Increasing concerns about recruitment and retention of junior doctors have led to renewed interest in how and when trainees choose their specialties. To our knowledge, no study has yet reported what attracts UK applicants to nephrology nor how clinicians develop vocational interests or make occupational choices. With this in mind, we sought to explore the motivation behind current nephrologist's career choices in the UK. We interviewed 11 nephrologists using a semi-structured face-to-face approach and used interpretative phenomenological analysis to conduct and analyse the interviews. We found role models were pivotal in encouraging specialization in nephrology, particularly those encountered in early postgraduate training. The diversity, diagnostic challenge and cross-specialty knowledge was highlighted as well as the ability to 'make a difference to patients' lives'. Nephrologists enjoyed the challenge of managing very sick, acutely unwell patients as well as the holistic continuity of long-term care offered to dialysis patients and their families. Academic and procedural components were attractive motivators to the specialty and the flexibility to have multiple interests was noted, with many nephrologists having 'portfolio' careers. Based on these results, we suggest strategies the specialty can use to aid policy decision making, promote recruitment and improve educational experiences within current training programmes.

Journal article

Horsburgh JL, Ippolito K, 2018, A skill to be worked at: Using social learning theory to explore the process of learning from role models in clinical settings, BMC Medical Education, Vol: 18, ISSN: 1472-6920

Background:Role modelling is widely accepted as being a highly influential teaching and learning method in medical education but little attention is given to understanding how students learn from role models. This study focuses on role modelling as an active, dynamic process, involving observational learning and aims to explore the process involved, including strategies that learners and medical teachers use to support this. Methods:To gain insight into medical students’ and clinical teachers’ understanding of learning through role modelling, a qualitative, interpretative methodology was adopted, using one-to-one semi-structured interviews. Six final year medical students and five clinical teachers were purposefully sampled and interviewed. Interviews were audio recorded and transcribed. The data were then analysed using open and axial coding before codes were combined to develop broader themes. Results:Students could identify ways in which they learnt from role models but acknowledged that this was complex and haphazard. They described selectively and consciously paying attention, using retention strategies, reproducing observed behaviour and being motivated to imitate. Students evidenced the powerful impact of direct and vicarious reinforcement. Clinical teachers reported using strategies to help students learn, but these were not always consciously or consistently applied or informed by teachers’ understanding of their students’ cognitive processing. ConclusionFindings illustrate in what ways the process of learning from role models in clinical settings is challenging. They also support the relevancy and usefulness of Bandura’s four stage social learning model for understanding this process and informing recommendations to make learning from role modelling more systematic and effective.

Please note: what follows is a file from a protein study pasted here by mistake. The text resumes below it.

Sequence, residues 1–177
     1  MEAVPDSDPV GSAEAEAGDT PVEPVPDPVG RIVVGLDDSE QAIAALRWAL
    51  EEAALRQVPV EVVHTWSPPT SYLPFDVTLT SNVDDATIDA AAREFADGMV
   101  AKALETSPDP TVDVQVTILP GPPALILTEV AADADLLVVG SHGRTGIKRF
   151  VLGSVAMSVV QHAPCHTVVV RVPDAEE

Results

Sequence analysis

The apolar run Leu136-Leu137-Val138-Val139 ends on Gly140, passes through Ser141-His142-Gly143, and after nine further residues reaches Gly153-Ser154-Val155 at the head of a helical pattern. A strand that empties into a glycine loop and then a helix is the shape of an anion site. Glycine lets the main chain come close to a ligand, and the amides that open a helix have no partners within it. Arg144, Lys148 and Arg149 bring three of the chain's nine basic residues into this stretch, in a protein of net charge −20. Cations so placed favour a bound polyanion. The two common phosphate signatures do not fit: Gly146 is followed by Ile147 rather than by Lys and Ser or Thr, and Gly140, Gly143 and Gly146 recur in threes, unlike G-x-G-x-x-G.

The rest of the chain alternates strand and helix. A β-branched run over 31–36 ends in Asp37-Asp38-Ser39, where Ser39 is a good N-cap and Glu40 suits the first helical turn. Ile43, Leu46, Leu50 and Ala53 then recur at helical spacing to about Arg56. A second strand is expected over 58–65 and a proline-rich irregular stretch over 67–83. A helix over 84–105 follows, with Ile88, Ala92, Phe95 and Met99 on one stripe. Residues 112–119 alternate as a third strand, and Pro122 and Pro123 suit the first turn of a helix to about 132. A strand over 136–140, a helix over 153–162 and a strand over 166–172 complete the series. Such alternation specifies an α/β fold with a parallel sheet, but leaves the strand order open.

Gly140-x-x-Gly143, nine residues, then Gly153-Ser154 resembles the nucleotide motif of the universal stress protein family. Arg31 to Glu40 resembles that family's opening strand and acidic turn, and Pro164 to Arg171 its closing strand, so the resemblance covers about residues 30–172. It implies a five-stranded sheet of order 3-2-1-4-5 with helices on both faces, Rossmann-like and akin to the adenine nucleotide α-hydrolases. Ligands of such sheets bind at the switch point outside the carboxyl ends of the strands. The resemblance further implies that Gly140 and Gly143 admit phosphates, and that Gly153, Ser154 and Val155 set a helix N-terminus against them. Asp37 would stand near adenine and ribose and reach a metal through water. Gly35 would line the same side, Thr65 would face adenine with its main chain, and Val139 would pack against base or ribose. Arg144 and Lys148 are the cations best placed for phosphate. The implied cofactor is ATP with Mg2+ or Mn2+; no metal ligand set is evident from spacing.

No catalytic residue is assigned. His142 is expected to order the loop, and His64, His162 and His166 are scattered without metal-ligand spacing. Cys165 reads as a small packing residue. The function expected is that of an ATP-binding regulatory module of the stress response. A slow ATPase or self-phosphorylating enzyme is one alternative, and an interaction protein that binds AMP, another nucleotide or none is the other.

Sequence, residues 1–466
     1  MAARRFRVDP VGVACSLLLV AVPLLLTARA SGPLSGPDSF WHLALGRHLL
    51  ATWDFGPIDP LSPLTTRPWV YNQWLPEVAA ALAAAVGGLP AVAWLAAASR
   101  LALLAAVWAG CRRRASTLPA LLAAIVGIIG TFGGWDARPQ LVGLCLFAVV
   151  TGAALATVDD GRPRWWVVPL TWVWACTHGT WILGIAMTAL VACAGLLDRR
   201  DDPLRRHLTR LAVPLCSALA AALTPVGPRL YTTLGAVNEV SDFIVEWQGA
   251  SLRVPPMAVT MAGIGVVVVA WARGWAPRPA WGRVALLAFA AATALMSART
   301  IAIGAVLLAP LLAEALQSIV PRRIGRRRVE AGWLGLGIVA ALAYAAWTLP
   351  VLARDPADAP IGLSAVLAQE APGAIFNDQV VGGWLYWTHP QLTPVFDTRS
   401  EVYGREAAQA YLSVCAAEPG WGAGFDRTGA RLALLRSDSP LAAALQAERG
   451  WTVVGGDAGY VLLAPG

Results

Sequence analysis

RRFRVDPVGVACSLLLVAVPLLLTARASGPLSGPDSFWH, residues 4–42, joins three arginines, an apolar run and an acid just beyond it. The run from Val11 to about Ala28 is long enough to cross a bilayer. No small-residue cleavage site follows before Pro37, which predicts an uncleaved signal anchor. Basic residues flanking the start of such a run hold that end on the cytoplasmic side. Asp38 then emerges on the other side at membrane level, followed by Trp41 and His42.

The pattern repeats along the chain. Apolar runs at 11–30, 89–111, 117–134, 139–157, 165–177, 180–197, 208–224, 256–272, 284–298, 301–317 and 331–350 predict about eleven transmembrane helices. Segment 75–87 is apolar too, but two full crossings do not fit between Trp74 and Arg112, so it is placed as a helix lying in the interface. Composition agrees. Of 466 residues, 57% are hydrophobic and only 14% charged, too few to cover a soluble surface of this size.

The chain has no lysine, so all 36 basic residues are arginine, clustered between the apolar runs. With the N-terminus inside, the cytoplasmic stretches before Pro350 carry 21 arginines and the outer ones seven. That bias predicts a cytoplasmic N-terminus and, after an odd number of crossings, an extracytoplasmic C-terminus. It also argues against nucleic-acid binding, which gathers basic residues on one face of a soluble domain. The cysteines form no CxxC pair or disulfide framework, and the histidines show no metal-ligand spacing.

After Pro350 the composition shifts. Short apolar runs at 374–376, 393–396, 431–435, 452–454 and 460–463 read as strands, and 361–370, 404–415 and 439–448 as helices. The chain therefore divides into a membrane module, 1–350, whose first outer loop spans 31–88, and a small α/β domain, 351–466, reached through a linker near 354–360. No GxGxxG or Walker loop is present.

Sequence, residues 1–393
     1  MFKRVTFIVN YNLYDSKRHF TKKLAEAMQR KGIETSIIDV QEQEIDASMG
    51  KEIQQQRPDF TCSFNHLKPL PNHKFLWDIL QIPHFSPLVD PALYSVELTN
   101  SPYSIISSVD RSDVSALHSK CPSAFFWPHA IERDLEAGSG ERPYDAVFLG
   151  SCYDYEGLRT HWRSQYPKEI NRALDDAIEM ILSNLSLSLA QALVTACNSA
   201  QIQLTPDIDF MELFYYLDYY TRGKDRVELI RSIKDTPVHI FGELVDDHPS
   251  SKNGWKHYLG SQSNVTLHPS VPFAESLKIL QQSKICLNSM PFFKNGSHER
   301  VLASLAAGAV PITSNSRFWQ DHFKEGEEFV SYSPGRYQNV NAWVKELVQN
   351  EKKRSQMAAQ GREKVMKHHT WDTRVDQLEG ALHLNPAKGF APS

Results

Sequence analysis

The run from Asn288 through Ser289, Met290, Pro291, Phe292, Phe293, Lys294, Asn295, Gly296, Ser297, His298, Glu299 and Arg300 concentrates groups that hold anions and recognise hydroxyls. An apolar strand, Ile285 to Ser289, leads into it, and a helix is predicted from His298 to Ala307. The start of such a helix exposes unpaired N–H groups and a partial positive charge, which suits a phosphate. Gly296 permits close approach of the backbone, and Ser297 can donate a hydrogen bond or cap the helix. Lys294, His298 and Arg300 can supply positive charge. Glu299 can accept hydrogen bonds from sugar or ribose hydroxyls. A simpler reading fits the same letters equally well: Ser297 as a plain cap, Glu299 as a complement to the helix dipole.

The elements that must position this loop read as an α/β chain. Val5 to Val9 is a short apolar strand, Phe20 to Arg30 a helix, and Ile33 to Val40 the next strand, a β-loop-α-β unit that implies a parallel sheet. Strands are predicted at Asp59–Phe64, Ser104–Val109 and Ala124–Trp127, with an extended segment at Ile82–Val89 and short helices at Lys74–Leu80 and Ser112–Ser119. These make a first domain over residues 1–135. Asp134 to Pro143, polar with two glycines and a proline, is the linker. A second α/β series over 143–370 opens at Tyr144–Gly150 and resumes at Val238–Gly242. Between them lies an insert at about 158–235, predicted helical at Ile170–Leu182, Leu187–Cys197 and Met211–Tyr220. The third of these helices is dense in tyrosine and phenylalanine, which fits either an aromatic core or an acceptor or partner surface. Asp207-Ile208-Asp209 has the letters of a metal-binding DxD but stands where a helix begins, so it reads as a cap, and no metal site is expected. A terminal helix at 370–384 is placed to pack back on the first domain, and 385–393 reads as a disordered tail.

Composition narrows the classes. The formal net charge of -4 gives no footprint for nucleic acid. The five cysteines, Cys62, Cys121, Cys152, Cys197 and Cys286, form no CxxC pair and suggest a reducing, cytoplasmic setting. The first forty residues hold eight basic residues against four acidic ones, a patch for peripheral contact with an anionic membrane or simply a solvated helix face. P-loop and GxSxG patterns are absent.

Journal article

Ippolito K, Horsburgh J, 2017, On the job learning in clinical settings, Informal Learning Perspectives, Challenges and Opportunities, ISBN: 9781536122503

This book would be of interest to educators and managers alike, and aims to highlight that informal learning occurs all around us, and if we recognise it and its impact, then we can enhance our potential as lifelong learners and make work ...

Book chapter